Strategy and key thematic research areas

The research infrastructure is dedicated to the interdisciplinary study of the European integration process in a broad sense, from the pioneering plans of the 20th century to the latest developments. This includes the various intergovernmental cooperation and integration initiatives — mainly political, economic and security-based — launched after the Second World War. Against this backdrop, specific attention is paid to the study of the origins and evolution of the European Union. The University of Luxembourg is thus contributing to the creation of an enriched understanding of European integration and its past, present and future dimensions.

The two major objectives are:

a) the development of further ePublications, with the objective of creating new high-quality research corpora, educational outputs and primary sources in the ‘Oral history of European integration’ collection; and

b) the adaptation, enhancement and further development of existing ePublications (contributing to their sustainability).

Against this backdrop, the key thematic research areas are as follows:


1. The European economic, monetary, financial and social model in a context of recurrent crisis and revival

Since 2008, the European Union, its Member States and citizens have been in the throes of a major financial, economic, social and political crisis. The impact of this crisis on European socio-economic structures calls into question the strength of the political relationship between public authorities (the EU, the states and the local authorities) and citizens. The project for an ‘ever closer union between the peoples of Europe’, originally designed to underpin the post-war reconstruction effort and strengthen links between the people of Europe, appears to be at a standstill. Europe seems unable to move forward from the crisis: tensions are rising within the community of states and communities of individuals, and positions are hardening.

The aim of this research area is to place the current crisis in context, providing keys to understanding and interpreting events via a series of complementary themes: the European economic, monetary and financial model, the European social model, the reaction of the people of Europe to the crisis in 2010–2014, their reaction to a similar crisis in the interwar period, etc.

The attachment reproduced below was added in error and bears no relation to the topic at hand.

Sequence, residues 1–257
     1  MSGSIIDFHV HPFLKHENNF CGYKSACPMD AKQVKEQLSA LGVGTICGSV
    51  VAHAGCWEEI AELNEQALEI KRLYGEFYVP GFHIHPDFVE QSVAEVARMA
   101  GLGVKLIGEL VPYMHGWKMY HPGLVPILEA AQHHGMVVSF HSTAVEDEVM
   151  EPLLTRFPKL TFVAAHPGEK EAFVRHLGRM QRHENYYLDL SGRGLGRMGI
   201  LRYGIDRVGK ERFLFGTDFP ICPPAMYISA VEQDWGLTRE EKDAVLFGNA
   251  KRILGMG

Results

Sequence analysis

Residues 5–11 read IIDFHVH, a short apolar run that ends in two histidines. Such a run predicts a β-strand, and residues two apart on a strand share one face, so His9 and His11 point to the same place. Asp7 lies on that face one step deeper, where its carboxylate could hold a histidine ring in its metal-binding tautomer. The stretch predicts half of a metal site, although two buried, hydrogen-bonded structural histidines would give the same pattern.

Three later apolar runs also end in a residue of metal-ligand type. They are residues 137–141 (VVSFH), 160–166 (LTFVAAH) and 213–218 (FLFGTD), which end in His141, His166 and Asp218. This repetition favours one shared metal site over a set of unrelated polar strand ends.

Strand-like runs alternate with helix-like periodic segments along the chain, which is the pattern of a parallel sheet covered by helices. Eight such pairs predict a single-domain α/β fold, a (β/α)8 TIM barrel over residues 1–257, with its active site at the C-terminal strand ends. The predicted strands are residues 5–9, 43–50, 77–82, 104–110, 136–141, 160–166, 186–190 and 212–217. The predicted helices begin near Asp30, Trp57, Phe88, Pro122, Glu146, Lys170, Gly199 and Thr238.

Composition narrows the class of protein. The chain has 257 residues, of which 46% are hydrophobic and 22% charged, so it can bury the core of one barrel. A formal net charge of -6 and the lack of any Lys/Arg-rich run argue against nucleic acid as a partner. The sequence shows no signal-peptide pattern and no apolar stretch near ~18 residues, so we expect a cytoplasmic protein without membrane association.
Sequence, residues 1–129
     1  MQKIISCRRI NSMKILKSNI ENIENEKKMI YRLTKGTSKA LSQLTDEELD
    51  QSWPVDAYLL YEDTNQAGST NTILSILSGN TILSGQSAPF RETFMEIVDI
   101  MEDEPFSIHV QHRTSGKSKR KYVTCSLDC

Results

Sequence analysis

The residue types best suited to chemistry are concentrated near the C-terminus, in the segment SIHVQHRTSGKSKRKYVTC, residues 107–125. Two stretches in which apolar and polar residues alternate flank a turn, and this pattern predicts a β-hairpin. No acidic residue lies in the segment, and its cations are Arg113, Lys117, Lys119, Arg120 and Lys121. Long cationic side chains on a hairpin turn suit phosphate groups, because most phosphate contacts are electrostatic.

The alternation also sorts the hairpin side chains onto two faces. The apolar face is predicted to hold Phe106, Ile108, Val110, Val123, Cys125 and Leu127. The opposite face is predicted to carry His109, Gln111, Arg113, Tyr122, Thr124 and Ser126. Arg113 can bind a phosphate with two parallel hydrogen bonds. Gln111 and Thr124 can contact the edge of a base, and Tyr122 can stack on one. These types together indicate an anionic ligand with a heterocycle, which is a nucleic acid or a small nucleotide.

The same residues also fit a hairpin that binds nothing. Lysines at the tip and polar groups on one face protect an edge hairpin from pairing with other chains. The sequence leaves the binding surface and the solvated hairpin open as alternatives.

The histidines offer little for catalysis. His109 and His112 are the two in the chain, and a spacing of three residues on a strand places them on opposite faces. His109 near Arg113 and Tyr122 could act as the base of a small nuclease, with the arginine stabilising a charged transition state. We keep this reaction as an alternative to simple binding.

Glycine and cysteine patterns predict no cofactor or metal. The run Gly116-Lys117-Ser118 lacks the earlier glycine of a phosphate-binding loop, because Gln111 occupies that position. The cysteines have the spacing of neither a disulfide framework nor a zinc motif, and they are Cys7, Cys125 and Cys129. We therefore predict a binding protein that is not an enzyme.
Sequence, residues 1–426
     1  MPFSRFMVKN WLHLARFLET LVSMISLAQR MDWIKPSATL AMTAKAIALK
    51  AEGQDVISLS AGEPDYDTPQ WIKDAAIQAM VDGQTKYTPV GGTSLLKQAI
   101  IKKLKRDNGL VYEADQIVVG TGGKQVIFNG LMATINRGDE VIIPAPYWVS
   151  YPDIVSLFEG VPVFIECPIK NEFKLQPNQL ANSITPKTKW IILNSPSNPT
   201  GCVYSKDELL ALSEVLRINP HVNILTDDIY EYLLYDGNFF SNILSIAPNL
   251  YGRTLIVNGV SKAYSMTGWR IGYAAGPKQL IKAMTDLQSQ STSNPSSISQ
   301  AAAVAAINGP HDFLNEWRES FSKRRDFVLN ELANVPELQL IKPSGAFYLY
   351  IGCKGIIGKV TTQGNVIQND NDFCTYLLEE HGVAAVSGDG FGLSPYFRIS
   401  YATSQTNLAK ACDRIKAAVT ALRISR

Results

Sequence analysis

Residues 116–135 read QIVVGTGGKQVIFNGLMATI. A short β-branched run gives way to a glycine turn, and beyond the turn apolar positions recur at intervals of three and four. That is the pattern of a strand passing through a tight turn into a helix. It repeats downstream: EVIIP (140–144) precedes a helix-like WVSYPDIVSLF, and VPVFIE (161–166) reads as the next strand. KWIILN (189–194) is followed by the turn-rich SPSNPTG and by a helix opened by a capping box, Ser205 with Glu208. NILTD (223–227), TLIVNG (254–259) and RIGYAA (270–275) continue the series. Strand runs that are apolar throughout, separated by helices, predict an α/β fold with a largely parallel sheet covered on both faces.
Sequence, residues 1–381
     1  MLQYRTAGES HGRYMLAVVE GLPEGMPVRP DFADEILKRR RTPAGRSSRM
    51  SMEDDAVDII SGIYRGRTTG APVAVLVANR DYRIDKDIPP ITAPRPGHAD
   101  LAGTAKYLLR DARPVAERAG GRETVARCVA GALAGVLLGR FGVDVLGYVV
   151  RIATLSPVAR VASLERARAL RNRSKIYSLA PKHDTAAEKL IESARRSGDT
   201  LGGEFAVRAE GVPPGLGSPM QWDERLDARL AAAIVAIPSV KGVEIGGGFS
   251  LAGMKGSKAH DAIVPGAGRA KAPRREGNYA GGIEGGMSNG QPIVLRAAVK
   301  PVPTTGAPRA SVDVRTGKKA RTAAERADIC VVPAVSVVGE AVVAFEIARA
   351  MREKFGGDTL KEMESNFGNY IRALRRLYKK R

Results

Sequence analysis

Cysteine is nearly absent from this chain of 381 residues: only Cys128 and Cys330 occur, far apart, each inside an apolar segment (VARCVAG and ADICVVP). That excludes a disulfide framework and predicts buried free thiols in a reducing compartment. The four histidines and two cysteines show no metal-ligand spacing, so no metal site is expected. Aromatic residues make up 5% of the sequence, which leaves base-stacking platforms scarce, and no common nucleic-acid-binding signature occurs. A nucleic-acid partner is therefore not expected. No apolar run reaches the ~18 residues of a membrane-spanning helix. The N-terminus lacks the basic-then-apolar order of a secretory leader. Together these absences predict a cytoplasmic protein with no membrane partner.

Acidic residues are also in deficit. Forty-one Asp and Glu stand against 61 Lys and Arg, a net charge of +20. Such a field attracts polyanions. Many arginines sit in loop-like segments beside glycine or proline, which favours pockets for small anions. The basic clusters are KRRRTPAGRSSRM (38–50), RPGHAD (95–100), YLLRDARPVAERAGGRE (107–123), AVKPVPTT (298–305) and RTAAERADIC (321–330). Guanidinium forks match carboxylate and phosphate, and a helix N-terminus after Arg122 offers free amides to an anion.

2. Luxembourg and European integration

Luxembourg, a country at the heart of Europe, has undergone a remarkable transformation from the early 1950s to the present day, evolving from a country specialising in the primary sector and the steel industry to a country diversifying its industrial activities and developing tertiary activities with high added value. This change is a result of various exogenous factors (European integration and the development of the financial markets) and endogenous factors (political stability). This research area examines the drivers for Luxembourg’s transformation and its close interaction with the European environment. In this context, the vision and work of the main architect of this transformation, Pierre Werner, are being analysed, notably in the light of the Pierre Werner family archives. More generally, this area looks at the historical relationship between Luxembourg and Europe from a broad perspective: Luxembourg’s impact on and contributions to the European integration process, the process of Europeanisation in Luxembourg and Luxembourg’s European policy through the analysis of diplomatic documents. 


As regards the enhancement of the existing ePublications, the thematic focus is on the institutional system of the European Union and its recent developments in the light of the legal and political changes that have occurred over the last five years: the adoption and implementation of the Treaty of Lisbon, the adoption of new treaties (the ‘Fiscal Compact’ and the Treaty establishing the European Stability Mechanism), the European elections in June 2014 and the appointment of new members of the major EU institutions (European Commissioners, the High Representative of the Union for Foreign Affairs and Security Policy, the President of the European Council, the President of the Eurogroup, etc.).